PHILADELPHIA (CBS) -- The union representing Philadelphia school teachers is telling its members not to report to school on Monday. The Philadelphia Federation of Teachers is in a standoff with the Philadelphia School District over the safety of school buildings.
Teachers were due back in classrooms on Monday to begin preparations for students to return on Feb. 22.
The union says the city has appointed a neutral arbitrator to hear both sides, but they have yet to hear a date of when that hearing will happen.
"I am going to be meeting with members of the PFT after their workday today and we're going to discuss the topic," Philadelphia Federation of Teachers President Jerry Jordan said.
Union leaders say they've received a number of pictures and heard from teachers who have visited their schools, giving examples of safety concerns.
"From what I've seen, it runs the gamut of pictures, first of all, of the fans," Jordan said.
From pictures to fans, the school district spent $4 million on ventilation upgrades, including adding fans to windows to mitigate the spread of COVID-19.
"One member who was in his school yesterday said that the room was 48 degrees. None of us want to sit in a 48-degree room for a full day. And for the children, it would mean they would need to have their coats and hats and gloves on," Jordan said.
In a meeting Friday night, union leaders instructed teachers to be available remotely but remain home.
"Ventilation has been a big issue. It's been an issue for forever it feels like," teacher Charlotte McCracken said.
McCracken is a science specialist teacher at Bache-Martin Elementary School. And though she says she prefers teaching her students in-person, she supports the union's decision to keep all instructors home, especially because she feels the district's attempts at retrofitting the classrooms was done without too much planning.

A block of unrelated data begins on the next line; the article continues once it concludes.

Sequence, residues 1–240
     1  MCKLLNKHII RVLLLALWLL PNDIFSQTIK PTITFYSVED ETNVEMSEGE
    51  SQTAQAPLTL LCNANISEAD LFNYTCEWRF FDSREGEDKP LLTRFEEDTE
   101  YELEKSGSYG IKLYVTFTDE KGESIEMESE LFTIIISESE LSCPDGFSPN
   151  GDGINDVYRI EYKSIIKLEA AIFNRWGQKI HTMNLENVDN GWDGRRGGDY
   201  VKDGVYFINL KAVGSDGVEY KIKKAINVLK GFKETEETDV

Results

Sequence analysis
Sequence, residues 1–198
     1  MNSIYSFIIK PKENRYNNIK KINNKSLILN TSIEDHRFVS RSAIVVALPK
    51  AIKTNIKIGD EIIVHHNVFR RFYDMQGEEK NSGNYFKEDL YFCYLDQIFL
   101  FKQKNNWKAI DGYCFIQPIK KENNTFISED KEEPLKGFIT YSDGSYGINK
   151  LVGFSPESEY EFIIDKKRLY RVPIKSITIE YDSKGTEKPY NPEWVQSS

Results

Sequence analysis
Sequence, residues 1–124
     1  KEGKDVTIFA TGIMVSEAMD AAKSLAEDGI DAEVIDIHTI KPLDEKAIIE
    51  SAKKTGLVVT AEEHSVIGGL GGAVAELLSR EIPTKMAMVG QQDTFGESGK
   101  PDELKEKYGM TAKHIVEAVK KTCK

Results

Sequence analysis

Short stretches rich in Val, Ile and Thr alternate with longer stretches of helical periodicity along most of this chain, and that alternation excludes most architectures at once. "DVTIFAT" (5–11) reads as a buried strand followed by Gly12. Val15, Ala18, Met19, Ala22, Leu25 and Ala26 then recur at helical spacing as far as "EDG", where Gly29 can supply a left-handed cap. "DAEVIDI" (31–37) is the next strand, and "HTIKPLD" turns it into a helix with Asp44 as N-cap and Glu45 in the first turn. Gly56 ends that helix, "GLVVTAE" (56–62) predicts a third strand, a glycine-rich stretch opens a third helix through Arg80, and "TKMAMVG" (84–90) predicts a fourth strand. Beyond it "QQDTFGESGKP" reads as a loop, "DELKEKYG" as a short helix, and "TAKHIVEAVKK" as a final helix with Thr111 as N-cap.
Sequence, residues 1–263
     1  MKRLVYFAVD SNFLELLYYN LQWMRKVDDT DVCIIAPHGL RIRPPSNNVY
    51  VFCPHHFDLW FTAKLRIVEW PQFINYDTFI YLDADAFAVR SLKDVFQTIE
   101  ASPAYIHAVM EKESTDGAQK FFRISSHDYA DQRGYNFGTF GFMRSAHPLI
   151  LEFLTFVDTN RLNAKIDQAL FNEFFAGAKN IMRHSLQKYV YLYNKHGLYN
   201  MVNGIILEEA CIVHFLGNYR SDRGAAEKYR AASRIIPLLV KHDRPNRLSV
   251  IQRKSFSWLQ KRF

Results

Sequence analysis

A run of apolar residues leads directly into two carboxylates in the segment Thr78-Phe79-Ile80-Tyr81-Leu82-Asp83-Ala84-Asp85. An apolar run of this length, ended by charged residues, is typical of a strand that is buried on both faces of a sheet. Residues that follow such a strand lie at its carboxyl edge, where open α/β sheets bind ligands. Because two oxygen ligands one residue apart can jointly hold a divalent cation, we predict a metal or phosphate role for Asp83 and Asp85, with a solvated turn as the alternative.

"That's where I want to be. I want to be in my building when it's safe. We had 11 months, and I don't know, to put in a fan like that, it just seems like they pushed the paper to the night before it was due, and now here we are. I'm ready to go back, but I'm ready to go back to a building that is ready for me," McCracken said.
The teachers' union is waiting on a third party to mediate their safety issues before signing off on a Monday return. Now, three City Council members and two state legislators are calling for a delay in returning to schools.
Councilmember Jamie Gauthier has two children in the school district and wants the pause on reopening plans.
"We're calling for there to be public trust and confidence among the school community, including teachers and parents and principals before we rush to a school reopening," Gauthier said.
The notice affects teachers in grades kindergarten through second that were preparing for hybrid learning. Other classes and grades are unaffected.
Philadelphia School District Superintendent Dr. William Hite says several steps have been taken so students and staff can return to school safely.
The school district said in a statement Friday afternoon, "It is deeply disappointing that PFT has directed their members to disregard the District's plan to return staff to buildings in preparation for the return of PreK to second-grade students on Feb. 22. This is in violation of our collective bargaining agreement and the Memorandum of Agreement that PFT reached regarding the reopening of schools just a few months ago. What is more troubling is that this action directly impacts our efforts to support the more than 9,000 PreK to second-grade families who want their children to return to school buildings for in-person learning."
Monday's action was discussed at Friday's union meeting for the teachers. We're told the plan is still in place for the teachers to remain at home this Monday and be present virtually. Two weeks from now, students are expected back in class but that was not discussed at tonight's meeting.
CBS3's Natasha Brown and Greg Argos contributed to this report.
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